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We are using cloud environment for our web-apps, i need an expert opinion on hosting our applications.

our application built on php & mysql, i want to know which is the most efficient and/or cost effective way to get instances.

case 1: get 1 large instance and configure both php & mysql on same server. case 2: get two small instance and configure php & mysql separately.


case 1: get 1 xtra-large instance and configure both php & mysql on same server. case 2: get two large instance and configure php & mysql separately.


locked by HopelessN00b Mar 13 '15 at 21:19

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closed as primarily opinion-based by HopelessN00b Mar 13 '15 at 21:19

Many good questions generate some degree of opinion based on expert experience, but answers to this question will tend to be almost entirely based on opinions, rather than facts, references, or specific expertise.If this question can be reworded to fit the rules in the help center, please edit the question.

on a light-to-modest community site, I didn't see much improvement moving MySQL to a different instance. Beauty of Amazon is that you can fire up a couple of instances, test it out, and tear it down for a dollar or two, if that. – gravyface Aug 23 '12 at 14:32
What cloud environment? You also have 4 cases listed, Are you just asking the question about seperating the php+mysql instances? – Matt Aug 23 '12 at 14:36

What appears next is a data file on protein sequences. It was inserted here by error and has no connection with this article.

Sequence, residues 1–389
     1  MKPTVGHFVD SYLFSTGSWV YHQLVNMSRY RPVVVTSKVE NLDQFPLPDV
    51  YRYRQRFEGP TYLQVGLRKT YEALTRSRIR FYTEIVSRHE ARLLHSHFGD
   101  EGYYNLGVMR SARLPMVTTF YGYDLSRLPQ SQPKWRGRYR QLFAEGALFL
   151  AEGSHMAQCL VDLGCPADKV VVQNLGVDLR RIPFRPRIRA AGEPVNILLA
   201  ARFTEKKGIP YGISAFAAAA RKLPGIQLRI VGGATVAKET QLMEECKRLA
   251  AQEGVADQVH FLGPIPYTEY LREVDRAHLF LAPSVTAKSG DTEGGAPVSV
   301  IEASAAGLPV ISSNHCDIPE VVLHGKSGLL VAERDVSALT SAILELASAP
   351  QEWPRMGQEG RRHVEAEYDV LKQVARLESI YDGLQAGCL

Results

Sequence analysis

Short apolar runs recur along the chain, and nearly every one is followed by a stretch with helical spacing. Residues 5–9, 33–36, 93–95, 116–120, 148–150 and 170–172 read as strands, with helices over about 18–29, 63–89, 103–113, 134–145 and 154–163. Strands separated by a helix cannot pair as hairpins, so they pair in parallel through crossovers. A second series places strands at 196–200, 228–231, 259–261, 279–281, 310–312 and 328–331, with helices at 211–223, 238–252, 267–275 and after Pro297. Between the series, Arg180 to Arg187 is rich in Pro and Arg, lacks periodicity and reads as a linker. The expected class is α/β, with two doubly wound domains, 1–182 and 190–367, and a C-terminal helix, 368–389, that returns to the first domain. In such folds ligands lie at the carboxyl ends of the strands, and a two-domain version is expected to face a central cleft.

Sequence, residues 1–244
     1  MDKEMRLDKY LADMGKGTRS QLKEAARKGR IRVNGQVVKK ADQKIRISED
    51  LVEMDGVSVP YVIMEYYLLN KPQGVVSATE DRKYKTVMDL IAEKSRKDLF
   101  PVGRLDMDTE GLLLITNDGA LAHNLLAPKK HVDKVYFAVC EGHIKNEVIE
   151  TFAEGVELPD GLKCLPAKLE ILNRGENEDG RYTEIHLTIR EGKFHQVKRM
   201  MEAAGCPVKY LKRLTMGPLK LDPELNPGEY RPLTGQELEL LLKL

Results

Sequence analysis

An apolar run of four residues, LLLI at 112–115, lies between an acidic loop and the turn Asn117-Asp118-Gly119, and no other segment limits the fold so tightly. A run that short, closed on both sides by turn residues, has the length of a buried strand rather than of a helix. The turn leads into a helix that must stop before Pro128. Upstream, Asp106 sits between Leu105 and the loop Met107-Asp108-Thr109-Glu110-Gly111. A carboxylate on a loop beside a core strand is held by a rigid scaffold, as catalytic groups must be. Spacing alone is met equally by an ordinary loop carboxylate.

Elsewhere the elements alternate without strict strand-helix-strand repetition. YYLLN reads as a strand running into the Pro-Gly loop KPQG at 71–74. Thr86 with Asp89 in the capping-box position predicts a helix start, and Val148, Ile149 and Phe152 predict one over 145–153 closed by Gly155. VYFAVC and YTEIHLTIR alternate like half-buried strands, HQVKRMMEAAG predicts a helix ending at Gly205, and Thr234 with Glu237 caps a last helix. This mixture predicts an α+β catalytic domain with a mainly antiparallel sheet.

@mindthemonkey Amazon, Yes, i need to know in which case its most efficient and costeffective. – Rizwan Yahya Aug 23 '12 at 14:43
@RizwanYahya too many variables for say either way without testing: if there's a performance gain, is it worth the additional costs? – gravyface Aug 23 '12 at 14:47
this mostly depends on how big a pipe you have between the two servers and if you are charged for this pipe based on traffic etc.. – tony roth Aug 23 '12 at 14:48
up vote 2 down vote accepted

In terms of immediate performance gains, like gravyface mentioned, I wouldn't expect a huge gain, however separating the your database and application onto two servers gives you a large amount of flexibility when it comes to scaling your environment in the future, since you have the ability to grow resources for either the application or the database as needed.

Again, though, depending on how your application runs, there is a possibility that you'll take a hit by moving the database away from the application, and forcing the application to go out to the network.

All things being equal (and assuming the hit you take from latency isn't too large), my recommendation would be to separate them now rather than having to deal with doing so later, but again, depending on your requirements and expected growth, you might be fine with either setup.

If all your worried about is cost though - it just comes down to doing the math on Amazon's rates for whatever you mean by "xtra-large" and "small instances"

+1 and I know you're going with assumptions here... flip side is that if there isn't contention for resources with both on the same server, he could actually experience a reduction in performance if there's latency between hosts. – gravyface Aug 23 '12 at 15:02
Very very true, I actually meant to write that this assumes your application won't take too large a hit from having to go out to the other box. I'll add that in. – Univ426 Aug 23 '12 at 15:09

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